Projected live from England's National Theatre, Shakespeare's wealthy Athenian gentleman makes an effortless 2,500-kilometer journey to Moscow just in time for his simultaneous appearance at 160 cinemas worldwide.
National Theatre Live, now in its fourth season, provides expats, theater lovers and students alike the chance to witness its current production of the great poet's "Timon of Athens" through live broadcasts to movie theaters worldwide, including Moscow's Horizon cinema, near metro station Fruznenskaya.
Live broadcasts of the theater's shows in large Russian cities during the summer months gathered up to 14,000 viewers.
The play that is featured now is one of Shakespeare's lesser-known, more complex tragedies, to which some have even attributed co-authors. Russophiles may perhaps be more familiar with it, as it was from lines in this play that Vladimir Nabokov's 999-line book "Pale Fire" took its name.
This production is directed by the current artistic director of the National Theatre, Nicholas Hynter. His careful modernization of the forgotten masterpiece will resonate with people who are aware of friendship's financial aspects, or vice versa, and how simultaneously meaningful and meaningless they can be.
The protagonist Timon (Simon Russell Beale) is a careless and carefree spender, surrounded by a cadre of parasitic "friends," a cynic or realist named Apemantus (Hilton McRae) and one loyal servant, whom he dismisses as just that, a servant. Friendship is inadvertently bought and forgotten when its expected material benefits run dry.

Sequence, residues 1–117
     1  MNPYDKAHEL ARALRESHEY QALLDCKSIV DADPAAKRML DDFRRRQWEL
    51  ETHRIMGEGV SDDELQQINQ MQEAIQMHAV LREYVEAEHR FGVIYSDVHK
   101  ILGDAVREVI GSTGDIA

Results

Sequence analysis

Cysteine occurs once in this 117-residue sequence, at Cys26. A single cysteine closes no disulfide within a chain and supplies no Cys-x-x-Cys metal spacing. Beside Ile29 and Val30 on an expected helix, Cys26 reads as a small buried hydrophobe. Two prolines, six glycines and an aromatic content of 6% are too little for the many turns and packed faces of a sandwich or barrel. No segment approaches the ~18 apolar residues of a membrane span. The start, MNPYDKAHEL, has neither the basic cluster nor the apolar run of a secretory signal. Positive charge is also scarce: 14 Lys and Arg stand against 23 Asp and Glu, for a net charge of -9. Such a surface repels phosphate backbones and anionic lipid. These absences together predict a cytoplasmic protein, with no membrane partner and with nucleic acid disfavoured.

Subsequently, Timon removes himself from society.
Although in English, albeit an archaic form of the language, the play is subtitled in Russian to allow as many people as possible to enjoy the performance.
Moscow already has a very rich theatrical life, but the "digital revolution," as the general director of the company distributing Russian broadcasts, Nadezhda Kotova, called it, will enable people in Russia to experience and understand culture from different areas "without having to travel to appreciate it."
It might also just function as escapism for the slightly homesick.
Additionally, the screening has another benefit over some live performances. The carefully positioned cameras supposedly offer better views than you might get in the National Theatre. Audience seating is limited to 1,160, but these broadcasts will be aired to over 50,000 individuals worldwide.
"It's been done poorly in the past so as not to disturb the audience watching in the theater. If we've done our job, you should feel as if you saw a piece of theater, not a film," Kotova said.
"It can be comforting to watch something you know well but certainly challenging and interesting to explore the new creativity and the unknown," she added, commenting on the choice to broadcast the play. "Timon is extremely topical today, and not just in England. The play highlights many of the real issues that still surround the world."